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Will stadium relocation help the Chicago Bears reach new heights?

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The Chicago Bears have endured a forgettable campaign so far in 2021-22. This season has been one of the most competitive in recent years in terms of the parity between teams chasing postseason spots, but the Bears were realistically out of the playoff hunt weeks ago and any hopes of a miracle turnaround were well and truly extinguished by last week’s 17-9 defeat to the Vikings.

All in all, Bears fans have precious little to feel positive about at the moment – at least on the field. Off the field is a different story: The Bears announced in September that they had signed a $179.2 million purchase agreement for the Arlington International Racecourse, sparking speculation that the franchise could be playing at a shiny new arena on the site in a few short years.

A new stadium would certainly be music to the ears of Bears fans who routinely sit through driving rain and freezing temperatures to watch their team at Soldier Field – a venue that offers scant protection from the Midwest winter. A top-performing team would warm the fans up somewhat, but that loss in Minnesota left the Bears with a double-digit loss mark for the season and they have clinched just the one division championship in the last dozen years.

A new stadium (maybe even one with a roof) might keep fans a little bit dryer and warmer, but would off-field improvements help to transform the Bears’ on-field fortunes? Plenty of NFL teams have moved to new, high-spec venues over recent years – have any of those stadium switches moved their respective teams closer to Superbowl success?

For the sake of this article, we won’t be counting the Rams’ and Chargers’ moves to SoFi Stadium (built on a former race track like the rumored Arlington Heights development will be) as these were relocations of franchises to different cities entirely rather than to new stadiums in the same city. For the same reason, the Raiders’ record since upping sticks to Vegas won’t be scrutinized. That leaves the Falcons, Vikings, and 49ers as the teams that have upgraded their home grounds during the last ten years.


The Mercedes Benz Stadium, home to the Atlanta Falcons since opening in August 2017, is a truly impressive structure with a unique pinwheel retractable roof that looks like it came straight out of a sci-fi novel. Unfortunately, the Falcons’ performances since taking up residence in the 71,000 seat venue have been much less impressive, with just one wildcard postseason appearance notched (they lost the 2018 divisional playoff to eventual Superbowl champs the Eagles).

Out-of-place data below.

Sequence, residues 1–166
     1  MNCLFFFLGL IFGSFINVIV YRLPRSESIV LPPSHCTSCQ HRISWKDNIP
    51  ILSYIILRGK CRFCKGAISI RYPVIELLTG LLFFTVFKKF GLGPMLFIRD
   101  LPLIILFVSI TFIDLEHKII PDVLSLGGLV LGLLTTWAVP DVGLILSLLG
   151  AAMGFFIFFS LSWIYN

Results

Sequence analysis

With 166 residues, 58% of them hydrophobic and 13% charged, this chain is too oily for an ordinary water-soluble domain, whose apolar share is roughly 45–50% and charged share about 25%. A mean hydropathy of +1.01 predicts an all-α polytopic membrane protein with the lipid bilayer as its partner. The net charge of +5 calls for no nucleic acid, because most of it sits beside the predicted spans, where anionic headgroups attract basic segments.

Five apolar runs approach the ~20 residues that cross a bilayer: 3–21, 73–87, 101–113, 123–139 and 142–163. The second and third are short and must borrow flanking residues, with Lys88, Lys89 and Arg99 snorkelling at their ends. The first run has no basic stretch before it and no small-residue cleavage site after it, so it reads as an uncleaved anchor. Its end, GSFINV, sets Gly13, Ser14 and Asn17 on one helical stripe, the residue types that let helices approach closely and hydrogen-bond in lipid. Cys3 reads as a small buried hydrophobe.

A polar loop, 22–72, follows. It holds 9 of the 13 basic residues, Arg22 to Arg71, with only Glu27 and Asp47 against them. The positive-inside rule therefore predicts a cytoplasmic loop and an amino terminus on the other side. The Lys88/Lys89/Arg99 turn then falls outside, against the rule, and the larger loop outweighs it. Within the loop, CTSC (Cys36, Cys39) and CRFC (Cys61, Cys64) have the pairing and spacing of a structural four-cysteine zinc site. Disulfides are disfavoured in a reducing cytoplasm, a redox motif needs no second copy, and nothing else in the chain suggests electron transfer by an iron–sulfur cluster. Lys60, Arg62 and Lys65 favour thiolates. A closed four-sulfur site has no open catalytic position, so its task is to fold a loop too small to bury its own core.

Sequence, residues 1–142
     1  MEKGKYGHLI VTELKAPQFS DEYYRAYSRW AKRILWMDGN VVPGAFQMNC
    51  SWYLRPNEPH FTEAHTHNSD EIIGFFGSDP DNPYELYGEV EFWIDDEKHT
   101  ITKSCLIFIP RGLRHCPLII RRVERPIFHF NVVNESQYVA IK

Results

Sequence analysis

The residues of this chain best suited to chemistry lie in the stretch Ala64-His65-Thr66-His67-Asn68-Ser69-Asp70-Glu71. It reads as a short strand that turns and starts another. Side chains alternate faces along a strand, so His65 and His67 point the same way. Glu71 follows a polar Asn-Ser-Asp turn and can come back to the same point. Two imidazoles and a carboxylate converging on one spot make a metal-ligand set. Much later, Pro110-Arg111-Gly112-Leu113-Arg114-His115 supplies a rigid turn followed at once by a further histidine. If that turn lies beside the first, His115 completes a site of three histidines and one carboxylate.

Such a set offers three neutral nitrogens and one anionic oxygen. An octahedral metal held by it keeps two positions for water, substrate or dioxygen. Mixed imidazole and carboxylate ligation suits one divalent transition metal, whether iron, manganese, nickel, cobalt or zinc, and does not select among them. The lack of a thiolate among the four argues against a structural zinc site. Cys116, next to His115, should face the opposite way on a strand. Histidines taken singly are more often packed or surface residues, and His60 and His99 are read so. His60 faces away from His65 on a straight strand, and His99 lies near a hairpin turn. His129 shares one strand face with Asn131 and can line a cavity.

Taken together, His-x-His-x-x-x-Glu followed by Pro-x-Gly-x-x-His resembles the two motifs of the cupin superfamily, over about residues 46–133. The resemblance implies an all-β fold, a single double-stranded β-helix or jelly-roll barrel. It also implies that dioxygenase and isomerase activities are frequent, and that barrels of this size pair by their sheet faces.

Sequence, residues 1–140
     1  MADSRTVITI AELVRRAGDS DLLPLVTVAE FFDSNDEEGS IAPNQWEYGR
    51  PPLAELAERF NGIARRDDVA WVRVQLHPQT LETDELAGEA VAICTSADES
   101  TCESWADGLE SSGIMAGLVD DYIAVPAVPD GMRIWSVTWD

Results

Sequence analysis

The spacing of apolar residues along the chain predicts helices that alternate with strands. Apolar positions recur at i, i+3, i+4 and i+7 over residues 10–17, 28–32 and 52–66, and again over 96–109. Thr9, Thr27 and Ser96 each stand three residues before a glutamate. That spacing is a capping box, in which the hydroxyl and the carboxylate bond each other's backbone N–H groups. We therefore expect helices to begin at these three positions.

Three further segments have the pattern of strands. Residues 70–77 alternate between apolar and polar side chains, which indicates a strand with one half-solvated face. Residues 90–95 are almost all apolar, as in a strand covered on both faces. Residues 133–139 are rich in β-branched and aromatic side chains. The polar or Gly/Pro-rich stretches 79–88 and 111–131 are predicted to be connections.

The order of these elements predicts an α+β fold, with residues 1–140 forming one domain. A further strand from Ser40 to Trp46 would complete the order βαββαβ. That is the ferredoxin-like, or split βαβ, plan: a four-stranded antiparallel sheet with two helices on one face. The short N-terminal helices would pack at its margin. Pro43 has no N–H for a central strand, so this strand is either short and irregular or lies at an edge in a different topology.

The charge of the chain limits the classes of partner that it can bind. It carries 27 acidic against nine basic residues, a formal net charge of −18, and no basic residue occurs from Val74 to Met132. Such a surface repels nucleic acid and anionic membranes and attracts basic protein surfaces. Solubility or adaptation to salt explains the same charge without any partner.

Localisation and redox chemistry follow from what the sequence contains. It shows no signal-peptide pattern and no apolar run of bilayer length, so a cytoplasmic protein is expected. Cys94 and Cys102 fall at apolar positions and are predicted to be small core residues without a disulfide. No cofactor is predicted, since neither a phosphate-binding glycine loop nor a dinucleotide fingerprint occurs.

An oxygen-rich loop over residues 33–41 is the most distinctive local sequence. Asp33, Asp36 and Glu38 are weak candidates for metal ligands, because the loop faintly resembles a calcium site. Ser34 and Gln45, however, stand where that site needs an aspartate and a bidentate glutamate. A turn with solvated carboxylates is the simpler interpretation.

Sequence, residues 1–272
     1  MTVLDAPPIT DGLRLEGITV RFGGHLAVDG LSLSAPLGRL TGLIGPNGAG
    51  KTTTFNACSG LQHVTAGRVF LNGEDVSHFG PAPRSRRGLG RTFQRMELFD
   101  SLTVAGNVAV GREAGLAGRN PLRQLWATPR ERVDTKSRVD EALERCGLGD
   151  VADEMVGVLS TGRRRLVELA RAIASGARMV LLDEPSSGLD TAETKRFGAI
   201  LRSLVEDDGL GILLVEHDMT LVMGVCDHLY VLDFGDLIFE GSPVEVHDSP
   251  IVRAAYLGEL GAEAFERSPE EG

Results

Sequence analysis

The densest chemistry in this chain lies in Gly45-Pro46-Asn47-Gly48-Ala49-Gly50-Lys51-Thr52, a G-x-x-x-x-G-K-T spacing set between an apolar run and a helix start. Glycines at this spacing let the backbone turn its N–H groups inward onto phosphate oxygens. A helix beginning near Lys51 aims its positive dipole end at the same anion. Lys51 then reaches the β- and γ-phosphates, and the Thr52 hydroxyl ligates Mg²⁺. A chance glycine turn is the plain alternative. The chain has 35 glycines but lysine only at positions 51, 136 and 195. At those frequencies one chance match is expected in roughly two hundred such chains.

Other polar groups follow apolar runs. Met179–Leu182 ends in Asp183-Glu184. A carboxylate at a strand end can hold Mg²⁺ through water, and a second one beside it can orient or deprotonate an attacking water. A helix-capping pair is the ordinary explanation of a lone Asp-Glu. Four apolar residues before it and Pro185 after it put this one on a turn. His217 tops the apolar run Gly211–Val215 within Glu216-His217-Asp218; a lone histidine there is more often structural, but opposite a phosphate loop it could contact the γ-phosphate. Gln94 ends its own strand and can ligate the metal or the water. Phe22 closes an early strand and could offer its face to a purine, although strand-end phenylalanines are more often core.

You’d be a brave person to bet on the Falcons to make the postseason this time round, too. The best online sportsbooks all have Arthur Smith’s men as huge outsiders for a wildcard spot given they will have to deliver a faultless final three games to have any chance of progressing. Looks like you need more than a fancy roof to win the NFC South.

The Vikings moved into their angly, transparent box (also known as the U.S. Bank Stadium) back in 2016. Unlike the Mercedes Benz Arena, this one’s got a fixed roof. It hosted Super Bowl LII in February 2017 but that’s as close as the Vikings have got to the NFL finale since the new stadium opened.

They’ve managed a couple of playoff appearances and one NFL North title (in 2017), but otherwise it’s been more of the same for the Vikings, who haven’t even reached the Super Bowl since 1976. Like the Falcons, the Vikings will need to produce an improbably good finish to the regular season to have any chance of securing a playoff wildcard.

Finally, the 49ers. Unlike the Falcons and the Vikings, the 49ers haven’t moved to a stadium with a fancy roof or transparent materials. Levi’s Stadium is a somewhat more traditional design, with its 68,500 seating capacity incorporating what is the largest lower bowl in the entire NFL.


The 49ers have at least managed to reach a Superbowl since moving to their new digs, losing to the Kansas City Chiefs, but that’s pretty much it as far as successful seasons at Levi’s Stadium are concerned. Apart from that loss to the Chiefs in 2019, playoff appearances have completely dried up, something that’s all the more disappointing considering the 49ers made the postseason in each of their last three campaigns at Candlestick Park.

So, it looks like a new stadium isn’t an immediate ticket to Superbowl glory – at least judging by the efforts of the last three franchises to start afresh in their respective cities. However, the Cubs could do with a catalyst of any sort and they may just be the team that bucks the trend and gets a new home bounce to help them achieve some long-awaited success for their often-cold, often-wet and often-disappointed fans.

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